Jakob Maersk oil spill

Jakob Maersk was an oil tanker registered in Denmark that struck a sand bank on January 29, 1975 while entering the port of Leixões, Portugal, causing a major oil spill.[1]

Built in 1966, the tanker was owned by Maerskline Navigation Company, a subsidiary of A.P. Moller, and contracted by Shell Oil Company consisting of a crew of seventeen at the time of the accident. Seven of those seventeen crew members died during the explosion.[1]

Jakob Maersk was carrying 88,000 tons of crude oil from Kharg Island in Iran while entering the Port of Leixões in the northern part of Portugal to discharge the oil to the Sacor Refinery. Receiving aid from tug boats, the ship grounded on a sand bank, causing a huge explosion and subsequent fire that burned for days.[1] The explosion broke the ship apart, spilling crude oil into the water.

Oil spill

At about 12:25 P.M. on January 29, 1975, the ship was entering the Port of Leixões in Portugal, while entering the Danish tanker hit sandbar and cause the ship to spill massive amounts of oil into the ocean followed by a few explosions inside the engine room. The cause of this infamous disaster was because of human error. 7 of those 17 crew members died in that explosion, the majority of deaths were engineers.[1]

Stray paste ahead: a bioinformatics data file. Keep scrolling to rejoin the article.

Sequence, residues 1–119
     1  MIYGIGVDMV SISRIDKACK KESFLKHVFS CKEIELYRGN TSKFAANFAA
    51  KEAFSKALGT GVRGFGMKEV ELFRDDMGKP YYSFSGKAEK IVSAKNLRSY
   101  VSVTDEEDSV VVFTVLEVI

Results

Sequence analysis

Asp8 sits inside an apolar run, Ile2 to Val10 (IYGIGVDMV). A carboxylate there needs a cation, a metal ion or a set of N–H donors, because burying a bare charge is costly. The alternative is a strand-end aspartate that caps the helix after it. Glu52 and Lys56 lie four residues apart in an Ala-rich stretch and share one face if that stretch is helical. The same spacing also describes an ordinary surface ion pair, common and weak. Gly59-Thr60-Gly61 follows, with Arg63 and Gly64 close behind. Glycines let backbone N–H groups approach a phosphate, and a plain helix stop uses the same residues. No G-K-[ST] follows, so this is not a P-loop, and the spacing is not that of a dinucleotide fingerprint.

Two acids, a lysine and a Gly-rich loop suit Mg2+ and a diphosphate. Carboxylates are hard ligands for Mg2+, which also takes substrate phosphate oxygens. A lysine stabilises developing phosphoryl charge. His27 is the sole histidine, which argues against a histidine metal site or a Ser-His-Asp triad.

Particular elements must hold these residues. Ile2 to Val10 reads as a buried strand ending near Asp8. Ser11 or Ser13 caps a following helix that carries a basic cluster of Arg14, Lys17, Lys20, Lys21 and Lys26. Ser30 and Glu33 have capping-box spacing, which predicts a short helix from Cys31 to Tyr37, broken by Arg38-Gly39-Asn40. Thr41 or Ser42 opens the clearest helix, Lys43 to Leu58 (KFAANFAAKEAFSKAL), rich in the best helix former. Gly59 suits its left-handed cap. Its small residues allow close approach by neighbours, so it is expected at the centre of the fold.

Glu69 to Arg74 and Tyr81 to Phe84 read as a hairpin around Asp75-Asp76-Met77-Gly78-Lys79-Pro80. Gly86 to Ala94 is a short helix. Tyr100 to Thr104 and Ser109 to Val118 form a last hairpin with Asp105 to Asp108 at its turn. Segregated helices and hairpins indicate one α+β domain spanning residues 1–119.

During the time of explosions, the ship began to sink causing survivors to jump into the water, the tugboat Monte de Luz assisted by rescuing survivors that were nearby.[2]

Jakob Maersk oil spill was the second largest spill at the time which occurred in the second largest city in Portugal. Out of the 40,000 to 50,000 tons of oil that were spilled consumed either by the fire or the ocean, 20,000 to 25,000 tons of that oil drifted into the sea and about 15,000 tons came to shore due to the wind direction during the first few days.[1] The explosion caused thick black smoke to rise. The ship burned for 58 continuous hours.

There were reports of locals being affected by the fire that was caused but it did not escalate into serious effects or injuries.[2]

Containment and cleanup